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  2. I have a portable dehumidifier bought about four years ago when we were having a lot of trouble with damp in the front bedrooms. At that time it was hard to find a dehumidifier for sale locally or any information about them. Now there is a lot more information available and we are able to by both the compressor and dessicant models but even taking into account the exchange rate I think they cost a lot more here. Mind you I think most things cost more in Australia. I’m sure one of those big units would chew up a lot of power but if you have damp walls in your house it is something you just have to do. Luckily a new gutter and a good clean with vinegar followed by tea tree oil got rid of the mould and it hasn’t come back. I do agree buying the cheapest model appliance is not always a savings. I prefer to buy a brand name not a “no name” when it comes to appliances.
    http://www.dampsolutions.com.au/store/image/data/pdfdocs/Top%205/TOP%205%20Home%20Model%202016%20Comparison_Apr17.pdf

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    • We live in an area with a lot of water running underground. Wells, rivers, stream, and ponds just about everywhere … and it’s humid, too. So it’s no surprise basements are often damp. They dry up in the winter when the heat is on, but as soon as we defrost, everything gets damp. It’s a LOT less expensive to get a dehumidifier than clean up a mess of black mold. Also, mold can make your home dangerous to live in. Most of the east coast of the U.S. is damp and humid. Move inland and it changes a lot.

      Those units ARE more expensive. One of them looks like the same unit I am getting, though I think mine is smaller. That’s like the prices were in Israel: high and higher.

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      • Tasmania is cooler and damper than South Australia so there are more damp issues but houses here don’t usually have basements so I guess it is a bit less of an issue. I run my portable unit a lot in winter and move it around the house.

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  3. In the Southern California desert, summers are hot and dry, so no need for dehumidifiers; air conditioners are a different question, and my electric bill soars in summer too. This month’s bill was a credit of $6.xx — and the bill was paid by the State’s Conservation Credit — a credit paid twice a year to recognize the cost of electricity and to reward those who conserve! That may disappear or become ineffective soon, as So Cal Edison is asking for rate increases on a monothly basis, but it’s nice while it lasts to have two months of electricity paid by the State!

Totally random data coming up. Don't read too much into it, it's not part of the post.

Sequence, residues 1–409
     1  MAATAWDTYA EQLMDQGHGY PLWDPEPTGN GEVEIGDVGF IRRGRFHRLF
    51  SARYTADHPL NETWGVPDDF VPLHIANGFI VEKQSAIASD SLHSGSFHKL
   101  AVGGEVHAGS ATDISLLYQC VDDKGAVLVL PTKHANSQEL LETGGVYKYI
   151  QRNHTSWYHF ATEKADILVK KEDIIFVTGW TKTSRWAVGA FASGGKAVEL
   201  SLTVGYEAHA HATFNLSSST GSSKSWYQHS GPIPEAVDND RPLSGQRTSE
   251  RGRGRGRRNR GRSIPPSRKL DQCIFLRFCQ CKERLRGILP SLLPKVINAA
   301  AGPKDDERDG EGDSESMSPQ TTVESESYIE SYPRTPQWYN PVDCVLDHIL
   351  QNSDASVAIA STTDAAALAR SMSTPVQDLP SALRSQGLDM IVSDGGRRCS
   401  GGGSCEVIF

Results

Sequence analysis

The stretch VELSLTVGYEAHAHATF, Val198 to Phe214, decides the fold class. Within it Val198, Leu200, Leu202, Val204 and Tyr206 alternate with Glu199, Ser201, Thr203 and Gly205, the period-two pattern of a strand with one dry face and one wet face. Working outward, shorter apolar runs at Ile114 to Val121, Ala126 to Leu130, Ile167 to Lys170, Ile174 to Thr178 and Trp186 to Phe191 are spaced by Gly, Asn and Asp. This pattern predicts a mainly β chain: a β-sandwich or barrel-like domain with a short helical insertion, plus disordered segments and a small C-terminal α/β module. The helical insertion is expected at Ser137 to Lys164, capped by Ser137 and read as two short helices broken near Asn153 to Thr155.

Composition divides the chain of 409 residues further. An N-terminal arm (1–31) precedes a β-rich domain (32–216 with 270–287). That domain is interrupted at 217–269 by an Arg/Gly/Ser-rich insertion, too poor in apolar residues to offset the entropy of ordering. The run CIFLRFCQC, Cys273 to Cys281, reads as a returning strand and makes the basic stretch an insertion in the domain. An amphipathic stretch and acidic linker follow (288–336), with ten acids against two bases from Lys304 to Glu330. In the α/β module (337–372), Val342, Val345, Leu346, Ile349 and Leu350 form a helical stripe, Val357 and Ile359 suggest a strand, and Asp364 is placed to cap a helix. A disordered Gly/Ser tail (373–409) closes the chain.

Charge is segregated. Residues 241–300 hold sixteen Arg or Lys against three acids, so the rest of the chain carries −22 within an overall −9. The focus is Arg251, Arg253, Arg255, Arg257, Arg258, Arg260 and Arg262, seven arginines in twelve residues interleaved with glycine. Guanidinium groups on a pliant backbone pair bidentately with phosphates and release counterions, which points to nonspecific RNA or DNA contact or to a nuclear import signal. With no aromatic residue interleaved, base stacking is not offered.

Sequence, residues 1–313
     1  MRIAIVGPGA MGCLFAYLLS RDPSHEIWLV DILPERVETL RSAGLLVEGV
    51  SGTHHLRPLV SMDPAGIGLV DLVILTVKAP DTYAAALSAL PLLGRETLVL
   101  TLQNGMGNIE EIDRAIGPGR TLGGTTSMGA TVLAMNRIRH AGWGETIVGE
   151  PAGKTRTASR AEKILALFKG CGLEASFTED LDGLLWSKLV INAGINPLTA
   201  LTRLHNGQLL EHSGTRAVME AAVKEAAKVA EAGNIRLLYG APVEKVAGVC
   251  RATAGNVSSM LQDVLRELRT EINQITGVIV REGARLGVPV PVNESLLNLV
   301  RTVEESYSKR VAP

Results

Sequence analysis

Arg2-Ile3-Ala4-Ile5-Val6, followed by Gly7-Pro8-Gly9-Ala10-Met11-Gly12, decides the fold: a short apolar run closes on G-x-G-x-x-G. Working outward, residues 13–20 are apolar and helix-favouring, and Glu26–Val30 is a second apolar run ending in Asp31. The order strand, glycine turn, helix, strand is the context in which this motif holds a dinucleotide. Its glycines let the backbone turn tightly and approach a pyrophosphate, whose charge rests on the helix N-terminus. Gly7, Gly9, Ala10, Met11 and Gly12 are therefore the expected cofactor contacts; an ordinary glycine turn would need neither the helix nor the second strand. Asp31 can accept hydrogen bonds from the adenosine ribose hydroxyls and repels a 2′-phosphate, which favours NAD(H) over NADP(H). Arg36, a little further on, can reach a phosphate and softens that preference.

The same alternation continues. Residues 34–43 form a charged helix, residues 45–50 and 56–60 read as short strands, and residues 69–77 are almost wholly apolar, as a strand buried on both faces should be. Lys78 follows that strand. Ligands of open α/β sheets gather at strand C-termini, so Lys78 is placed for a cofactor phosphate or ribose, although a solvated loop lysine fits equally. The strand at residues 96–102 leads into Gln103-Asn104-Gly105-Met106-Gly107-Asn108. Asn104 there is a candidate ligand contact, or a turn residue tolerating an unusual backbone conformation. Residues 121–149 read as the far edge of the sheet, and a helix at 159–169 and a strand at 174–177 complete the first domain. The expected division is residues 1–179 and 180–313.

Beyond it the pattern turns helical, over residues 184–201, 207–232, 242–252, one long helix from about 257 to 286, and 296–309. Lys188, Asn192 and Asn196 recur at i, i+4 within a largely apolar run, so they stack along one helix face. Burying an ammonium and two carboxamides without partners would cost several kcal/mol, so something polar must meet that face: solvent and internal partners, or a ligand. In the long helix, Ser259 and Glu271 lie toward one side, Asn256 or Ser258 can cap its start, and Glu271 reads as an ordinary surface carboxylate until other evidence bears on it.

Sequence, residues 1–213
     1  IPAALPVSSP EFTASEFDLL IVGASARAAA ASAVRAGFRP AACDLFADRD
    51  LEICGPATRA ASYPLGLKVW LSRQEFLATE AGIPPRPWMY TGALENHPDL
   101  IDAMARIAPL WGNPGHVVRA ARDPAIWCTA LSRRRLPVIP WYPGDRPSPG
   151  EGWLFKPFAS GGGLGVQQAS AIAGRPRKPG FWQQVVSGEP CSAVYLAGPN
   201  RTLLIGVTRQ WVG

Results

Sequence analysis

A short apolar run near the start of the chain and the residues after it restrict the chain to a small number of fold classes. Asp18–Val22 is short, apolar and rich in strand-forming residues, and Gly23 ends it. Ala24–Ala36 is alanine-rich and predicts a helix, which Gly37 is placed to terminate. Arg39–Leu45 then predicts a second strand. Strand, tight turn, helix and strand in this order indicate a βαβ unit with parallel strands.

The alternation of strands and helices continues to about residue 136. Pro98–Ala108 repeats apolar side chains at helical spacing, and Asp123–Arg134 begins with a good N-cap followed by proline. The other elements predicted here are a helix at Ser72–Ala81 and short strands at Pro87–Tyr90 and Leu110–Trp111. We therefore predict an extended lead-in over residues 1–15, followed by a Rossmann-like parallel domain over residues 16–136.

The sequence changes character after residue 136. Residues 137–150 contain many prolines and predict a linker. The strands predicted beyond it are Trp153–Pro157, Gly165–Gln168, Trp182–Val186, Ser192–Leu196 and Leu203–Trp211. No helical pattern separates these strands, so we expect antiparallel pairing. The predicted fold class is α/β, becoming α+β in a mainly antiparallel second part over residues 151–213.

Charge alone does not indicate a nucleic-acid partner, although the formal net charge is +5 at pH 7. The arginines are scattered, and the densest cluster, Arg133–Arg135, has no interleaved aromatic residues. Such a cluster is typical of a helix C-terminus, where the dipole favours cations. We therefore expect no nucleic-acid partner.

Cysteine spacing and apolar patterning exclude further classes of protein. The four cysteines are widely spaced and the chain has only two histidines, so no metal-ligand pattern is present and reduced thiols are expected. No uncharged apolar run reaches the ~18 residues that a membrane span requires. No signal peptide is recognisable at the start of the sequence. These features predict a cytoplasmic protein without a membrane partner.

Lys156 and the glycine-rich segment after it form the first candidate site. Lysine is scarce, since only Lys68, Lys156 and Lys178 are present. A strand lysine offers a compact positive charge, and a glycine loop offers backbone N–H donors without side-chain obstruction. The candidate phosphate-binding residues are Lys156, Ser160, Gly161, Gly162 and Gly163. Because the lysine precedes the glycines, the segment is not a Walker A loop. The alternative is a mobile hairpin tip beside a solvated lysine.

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    • I can’t imagine Massachusetts paying for ANYTHING … except health care. We’re pretty good about that. I suppose it evens out. We pay the same rate for six months, then they adjust it based on whatever you just paid. So we’ve been very good through the winter, so at the end of this six months, they will lower it. But it will be summer, so our usage will go WAY up and then they will raise it in time for winter when we use less than half that amount.

      A lot of things are going to disappear under Trump. You at least live in a very large and presumably prosperous state. Massachusetts has a lot of good will, but we are not a big state and there’s only so far it can go. If they cut off enough programs, it’s going to get very hard for a lot of poor people.

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  4. We will suffer mightily under Trump if he gets his way. He has threatened to cut off funding for “Sanctuary Cities,” for which our legislature chose to become a “Sanctuary State.” If we lose Federal funding, any prosperity we have will go out the window — and prosperity here seems to depend on which month you are talking about it. The governor is pushing hard to add 25 cents a gallon gas taxes on top of the already highest-in-the-nation taxes we pay. most of which has been diverted from its original purpose in order to build a bullet train to nowhere! There other examples, but I’ll stop here before I hijack your site!

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    • We are a sanctuary state, too … and a lot smaller and possibly even more dependent on federal money. So we are worrying right alongside you. We are the two bluest states in the country and I think we have every right to be concerned.